WASHINGTON (AP) — The Latest on the 2016 presidential campaign ahead of the Republican and Democratic national conventions (all times EDT):
Donald Trump says he will announce his choice for running mate at 11 a.m. Friday in Manhattan.
The presumptive Republican presidential nominee posted the news on Twitter Wednesday night, adding, "Details to follow."
Trump, his adult children and key staffers have been meeting with vice presidential prospects all week. The top names under consideration include Indiana Gov. Mike Pence, former House Speaker Newt Gingrich, Alabama Sen. Jeff Sessions and New Jersey Gov. Chris Christie.
Indiana Gov. Mike Pence says the unusually charged delivery of his speech introducing Donald Trump this week was a preview of what's to come if he is chosen as Trump's running mate.
He says that, "continuing to lay out this choice to the American people is part of what campaigns are all about."
Pence says Trump did not extend an offer to him.
He added that his breakfast meeting with Trump and his family was also unexpected. Trump was supposed to fly out of Indianapolis, but had mechanical troubles with his plane, presaging the series of meetings Trump held in Indianapolis.
He says he was "hauling dishes out of the cupboard at midnight" the night before to prepare for the Trump family's arrival the next morning.
Bernie Sanders has opted against picking a fight over the party platform at the Democratic National Convention.
A spokesman for the Vermont senator said Wednesday that Sanders will not seek more platform changes in Philadelphia, after winning significant concessions during a meeting in Orlando over the weekend.
Sanders succeeded in pushing the Democratic platform in a more liberal direction. The draft, which will be voted on at the convention, includes a $15 federal minimum wage, steps to break up large Wall Street banks and support for an end to the death penalty. Sanders failed to add language explicitly opposing the Trans-Pacific Partnership trade deal, but that issue is thorny because even though Clinton has also come out against it, President Barack Obama favors the deal.
Supreme Court Justice Ruth Bader Ginsburg's public criticism of Donald Trump is dividing legal experts over whether the leader of the court's liberal wing should recuse herself in any future case involving him.
In an interview with the Associated Press last week Ginsburg said she doesn't want to think about the possibility of a Trump presidency. In subsequent interviews with other media outlets Ginsburg said Trump is a "faker" who "really has an ego."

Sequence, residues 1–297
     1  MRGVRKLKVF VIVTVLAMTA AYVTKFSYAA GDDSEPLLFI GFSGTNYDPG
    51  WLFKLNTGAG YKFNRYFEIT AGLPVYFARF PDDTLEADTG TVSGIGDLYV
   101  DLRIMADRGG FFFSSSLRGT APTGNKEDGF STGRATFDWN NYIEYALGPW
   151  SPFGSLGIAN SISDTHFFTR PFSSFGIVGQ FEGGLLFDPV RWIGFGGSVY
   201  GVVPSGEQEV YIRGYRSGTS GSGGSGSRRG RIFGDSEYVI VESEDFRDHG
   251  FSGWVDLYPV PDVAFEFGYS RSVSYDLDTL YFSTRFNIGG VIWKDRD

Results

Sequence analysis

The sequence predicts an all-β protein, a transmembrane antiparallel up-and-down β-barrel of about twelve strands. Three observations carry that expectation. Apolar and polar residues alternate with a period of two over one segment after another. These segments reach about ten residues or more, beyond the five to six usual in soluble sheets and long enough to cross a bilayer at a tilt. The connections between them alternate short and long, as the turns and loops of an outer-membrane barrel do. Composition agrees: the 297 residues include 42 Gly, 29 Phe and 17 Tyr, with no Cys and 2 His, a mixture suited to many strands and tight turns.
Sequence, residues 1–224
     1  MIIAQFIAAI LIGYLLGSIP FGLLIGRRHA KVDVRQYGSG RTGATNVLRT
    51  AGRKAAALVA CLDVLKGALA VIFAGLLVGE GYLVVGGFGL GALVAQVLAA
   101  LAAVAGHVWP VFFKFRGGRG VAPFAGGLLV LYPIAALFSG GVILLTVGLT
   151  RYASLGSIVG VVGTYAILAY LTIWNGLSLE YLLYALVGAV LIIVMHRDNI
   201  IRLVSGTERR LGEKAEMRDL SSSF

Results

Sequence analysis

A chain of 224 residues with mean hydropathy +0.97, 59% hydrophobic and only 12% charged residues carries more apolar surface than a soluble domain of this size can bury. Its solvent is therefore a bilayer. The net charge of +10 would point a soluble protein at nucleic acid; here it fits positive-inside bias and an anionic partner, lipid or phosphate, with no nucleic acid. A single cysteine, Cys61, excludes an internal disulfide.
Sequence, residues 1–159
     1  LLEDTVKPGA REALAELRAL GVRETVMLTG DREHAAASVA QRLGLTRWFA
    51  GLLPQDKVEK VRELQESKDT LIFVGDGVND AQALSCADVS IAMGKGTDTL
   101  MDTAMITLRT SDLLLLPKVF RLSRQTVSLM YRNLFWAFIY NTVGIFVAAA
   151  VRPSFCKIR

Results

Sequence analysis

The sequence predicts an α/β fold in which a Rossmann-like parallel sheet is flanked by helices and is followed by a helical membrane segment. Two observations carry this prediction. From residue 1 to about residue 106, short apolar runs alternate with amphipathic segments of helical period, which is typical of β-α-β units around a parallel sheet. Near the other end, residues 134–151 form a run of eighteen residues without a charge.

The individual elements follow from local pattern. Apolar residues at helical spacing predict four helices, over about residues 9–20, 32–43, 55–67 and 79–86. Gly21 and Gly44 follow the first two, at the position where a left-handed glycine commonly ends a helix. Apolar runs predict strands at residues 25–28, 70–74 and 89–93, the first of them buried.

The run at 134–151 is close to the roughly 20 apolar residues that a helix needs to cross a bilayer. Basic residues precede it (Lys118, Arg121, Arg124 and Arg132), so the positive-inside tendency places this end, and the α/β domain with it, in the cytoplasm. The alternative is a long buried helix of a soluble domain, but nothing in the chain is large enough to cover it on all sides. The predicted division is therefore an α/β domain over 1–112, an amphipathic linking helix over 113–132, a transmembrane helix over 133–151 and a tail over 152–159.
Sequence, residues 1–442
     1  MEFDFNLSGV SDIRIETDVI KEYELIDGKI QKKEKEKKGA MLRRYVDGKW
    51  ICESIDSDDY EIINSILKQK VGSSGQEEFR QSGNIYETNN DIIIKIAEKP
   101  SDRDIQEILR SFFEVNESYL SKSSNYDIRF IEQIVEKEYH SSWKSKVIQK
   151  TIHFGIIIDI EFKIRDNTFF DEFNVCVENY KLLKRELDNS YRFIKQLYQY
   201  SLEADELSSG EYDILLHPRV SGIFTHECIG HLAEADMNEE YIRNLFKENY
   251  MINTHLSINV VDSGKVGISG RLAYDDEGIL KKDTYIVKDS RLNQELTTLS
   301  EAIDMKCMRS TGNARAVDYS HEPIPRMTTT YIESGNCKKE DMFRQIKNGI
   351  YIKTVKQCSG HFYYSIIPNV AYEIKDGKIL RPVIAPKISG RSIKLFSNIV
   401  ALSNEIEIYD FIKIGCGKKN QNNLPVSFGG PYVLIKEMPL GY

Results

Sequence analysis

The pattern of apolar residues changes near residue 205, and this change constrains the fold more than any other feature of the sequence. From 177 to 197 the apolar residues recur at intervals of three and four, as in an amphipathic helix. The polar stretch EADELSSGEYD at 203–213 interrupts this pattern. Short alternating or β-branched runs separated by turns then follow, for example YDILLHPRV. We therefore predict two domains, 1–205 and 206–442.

Trump fired back on Twitter, saying the 83-year-old justice's "mind is shot" and she should resign.
Ethics experts told AP that Ginsburg likely ran afoul of rules barring federal judges from endorsing or opposing political candidates. But those rules aren't binding on Supreme Court justices, who are the final arbiters of their own legal ethics.
The Republican Party chairman is suggesting that GOP rebels support Donald Trump.
Wednesday's remarks by GOP Chairman Reince Priebus came as the 168-member Republican National Committee gathered for the first time in Cleveland. Some dissidents are organizing an uphill effort to try heading off Trump's nomination.
Priebus did not address the rebellion directly, but he said that that if the party remained divided, it would open the door to a victory by Democrat Hillary Clinton.
Either back Trump, Priebus is suggesting to delegates, or "get comfortable with the phrase, 'President Hillary Clinton.'"
Priebus spoke at a preliminary meeting of the GOP national convention, a day before members of the rules committee are expected to consider changing the nomination process so delegates can back any candidate they wish.
Republican presidential candidate Donald Trump is seeking $10 million in damages from a former senior campaign consultant, Sam Nunberg, alleging that Nunberg leaked confidential information to reporters in violation of a nondisclosure agreement.
In a court filing obtained by The Associated Press, Nunberg accuses Trump of trying to silence him "in a misguided attempt to cover up media coverage of an apparent affair" between senior campaign staffers. The document cited a New York Post story about a public quarrel between the staffers published last month.
The legal dispute reflects Trump's efforts to aggressively protect the secrecy of his campaign's inner workings. The case is spelled out in court documents that sought to block private arbitration proceedings that Trump initiated in May.
Republican Donald Trump is holed up in a downtown Indianapolis hotel meeting with several of his potential running mates as he finalizes his choice.
Former House Speaker Newt Gingrich, one of Trump's finalists, traveled to Indiana Wednesday and was spotted with Trump's entourage.
Sen. Jeff Sessions was also spotted arriving at the hotel not long after Gingrich left.
Trump, his eldest children and aides also met with Indiana Gov. Mike Pence at the governor's mansion Wednesday morning.
Trump tells Fox News channel he's getting closer to his decision.
He says, "I'm narrowing it down. I mean I'm at three, potentially four. But in my own mind, I probably am thinking about two."
Trump met Tuesday with New Jersey Gov. Chris Christie and his family.
This story has been corrected to fix the spelling of Ginsburg's name in short headline.